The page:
Dr Henry Graves Bull also had an enthusiasm for fungi and in 1867 read a paper at a club meeting on some local, edible species.[5] This seems to have stimulated the interest of the club and in 1868, the October field meeting – announced as "a foray among the funguses" — was devoted to collecting fungi. The foray, led by the noted mycologist Worthington G. Smith and local expert Edwin Lees, was followed by a special fungus dinner.[6] The event proved popular and the "foray" was repeated annually till 1892.

These Woolhope fungus events became so well known that the word "foray" was widely adopted for mycological field meetings and remains the standard term today, not only in Britain but in North America and elsewhere. For a time, the club functioned as a precursor to the British Mycological Society, bringing together a number of contemporary British mycologists, many of whom attended the forays and contributed papers to the Transactions. By 1882, honorary members included the mycologists Rev. Miles Joseph Berkeley, C.E. Broome, Mordecai Cubitt Cooke, William Phillips, C.B. Plowright, Worthington G. Smith, and Rev. J.E. Vize. Ordinary members included Rev. W.L.W. Eyre.[7]

The Old Straight Track[edit]

An attendee at the 1891 fungus foray was Alfred Watkins, subsequently to become a president of the club. Watkins was a keen photographer and archaeologist. In June 1921, whilst mapping old sites near Blackwardine, Watkins noticed some surprising alignments which suggested to him a series of prehistoric trackways marked by ancient landmarks some of which were still visible. Later that year, he delivered a talk to the club on "Early British Trackways" and after further researches published his thesis and his findings in The Old Straight Track (1925). His book was not well received by academics, but Watkins' theory of ley lines gained followers and a resurgence of interest in the 1970s, when it acquired a mystic dimension which would have surprised Watkins himself.[8]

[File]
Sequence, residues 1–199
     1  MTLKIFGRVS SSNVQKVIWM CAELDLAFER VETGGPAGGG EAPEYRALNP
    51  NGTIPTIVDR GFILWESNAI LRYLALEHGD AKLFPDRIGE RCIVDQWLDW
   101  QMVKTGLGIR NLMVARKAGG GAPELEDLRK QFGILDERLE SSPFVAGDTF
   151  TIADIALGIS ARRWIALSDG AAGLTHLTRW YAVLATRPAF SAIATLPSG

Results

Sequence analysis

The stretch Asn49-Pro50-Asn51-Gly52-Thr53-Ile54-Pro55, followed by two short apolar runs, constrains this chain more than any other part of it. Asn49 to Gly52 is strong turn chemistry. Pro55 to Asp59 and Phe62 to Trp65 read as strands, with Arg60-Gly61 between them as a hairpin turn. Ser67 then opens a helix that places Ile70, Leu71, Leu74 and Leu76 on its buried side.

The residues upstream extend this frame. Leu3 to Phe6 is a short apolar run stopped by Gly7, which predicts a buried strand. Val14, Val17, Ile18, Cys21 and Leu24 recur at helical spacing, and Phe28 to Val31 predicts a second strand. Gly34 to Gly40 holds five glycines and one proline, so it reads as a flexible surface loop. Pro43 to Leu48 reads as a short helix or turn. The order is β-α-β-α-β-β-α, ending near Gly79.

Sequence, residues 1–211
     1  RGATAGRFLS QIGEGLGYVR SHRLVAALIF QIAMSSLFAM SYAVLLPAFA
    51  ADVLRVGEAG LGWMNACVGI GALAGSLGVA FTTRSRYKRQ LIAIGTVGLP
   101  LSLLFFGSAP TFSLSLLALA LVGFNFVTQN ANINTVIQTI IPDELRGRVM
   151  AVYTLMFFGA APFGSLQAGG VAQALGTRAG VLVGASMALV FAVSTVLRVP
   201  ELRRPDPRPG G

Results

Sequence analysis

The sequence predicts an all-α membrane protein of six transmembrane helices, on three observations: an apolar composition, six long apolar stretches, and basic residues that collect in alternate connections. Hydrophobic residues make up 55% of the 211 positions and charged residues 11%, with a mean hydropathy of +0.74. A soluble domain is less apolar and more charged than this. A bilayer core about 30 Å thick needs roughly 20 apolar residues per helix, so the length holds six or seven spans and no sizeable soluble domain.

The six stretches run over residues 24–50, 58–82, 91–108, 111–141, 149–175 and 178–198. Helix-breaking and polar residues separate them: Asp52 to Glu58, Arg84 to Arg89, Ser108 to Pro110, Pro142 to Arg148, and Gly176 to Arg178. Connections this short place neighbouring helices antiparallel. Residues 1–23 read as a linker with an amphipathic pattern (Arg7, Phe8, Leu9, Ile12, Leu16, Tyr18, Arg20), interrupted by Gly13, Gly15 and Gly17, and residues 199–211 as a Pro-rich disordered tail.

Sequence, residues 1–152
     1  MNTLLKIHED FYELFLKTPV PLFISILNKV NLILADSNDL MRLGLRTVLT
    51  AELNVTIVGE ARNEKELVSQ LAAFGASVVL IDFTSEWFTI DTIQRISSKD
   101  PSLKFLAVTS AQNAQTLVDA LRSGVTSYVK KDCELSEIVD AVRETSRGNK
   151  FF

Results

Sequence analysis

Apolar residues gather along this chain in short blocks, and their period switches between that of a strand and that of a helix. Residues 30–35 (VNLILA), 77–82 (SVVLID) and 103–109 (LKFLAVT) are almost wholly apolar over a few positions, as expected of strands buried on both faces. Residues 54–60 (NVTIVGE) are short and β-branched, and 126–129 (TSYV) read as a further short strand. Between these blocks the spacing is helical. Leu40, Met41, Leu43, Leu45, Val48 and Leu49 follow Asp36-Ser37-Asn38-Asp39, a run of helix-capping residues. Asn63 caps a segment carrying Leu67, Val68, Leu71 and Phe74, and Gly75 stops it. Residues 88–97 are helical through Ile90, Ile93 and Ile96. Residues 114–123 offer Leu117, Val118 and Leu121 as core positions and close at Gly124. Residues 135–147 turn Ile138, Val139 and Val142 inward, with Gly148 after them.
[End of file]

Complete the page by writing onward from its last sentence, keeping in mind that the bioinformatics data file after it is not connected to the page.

The Woolhope Club today[edit]

The Woolhope Club still organises a series of field meetings each year, with special interest groups for archaeological research, geology, and natural history. To mark the 150th anniversary of the club a book, A Herefordshire Miscellany, was published in 2000.[9]

External links[edit]

References[edit]

  1. ^ a b Anon. (1856). Transactions of the Woolhope Naturalists' Field Club 1.
  2. ^ Collins, W. (1900). A short history of Hereford p. 105.
  3. ^ a b "The Herefordshire Pomona: A Brief History". Marcher Apple Network Rhwydwaith Afalau'r Gororau. Marcher Apple Network. Retrieved 20 March 2010. 
  4. ^ "The Herefordshire Pomona, Robert & Bull Hogg, Henry Graves – Botany, Gardening, Color Plate, Herbals, Science, Exploration, Mathematics, Medicine". Antiquariat Botanicum. Retrieved 20 March 2010. 
  5. ^ Bull, H.G. (1868). Illustrations of the edible funguses of Herefordshire. Transactions of the Woolhope Naturalists' Field Club 44(3): 149–169.
  6. ^ Anon (1868). "A foray among the funguses". Transactions of the Woolhope Naturalists' Field Club: 184–192. 
  7. ^ Anon. (1888). Transactions of the Woolhope Naturalists' Field Club 1881–82: ix–xii.
  8. ^ Shoesmith, R. (1990). Alfred Watkins: a Herefordshire Man. Woonton Almeley: Logaston Press. ISBN 978-0-9510242-7-0. 
  9. ^ Whitehead D, Eisel JC. (eds) (2000). A Herefordshire Miscellany: Commemorating 150 Years of the Woolhope Club. Lapridge Publications. ISBN 978-1-899290-08-6.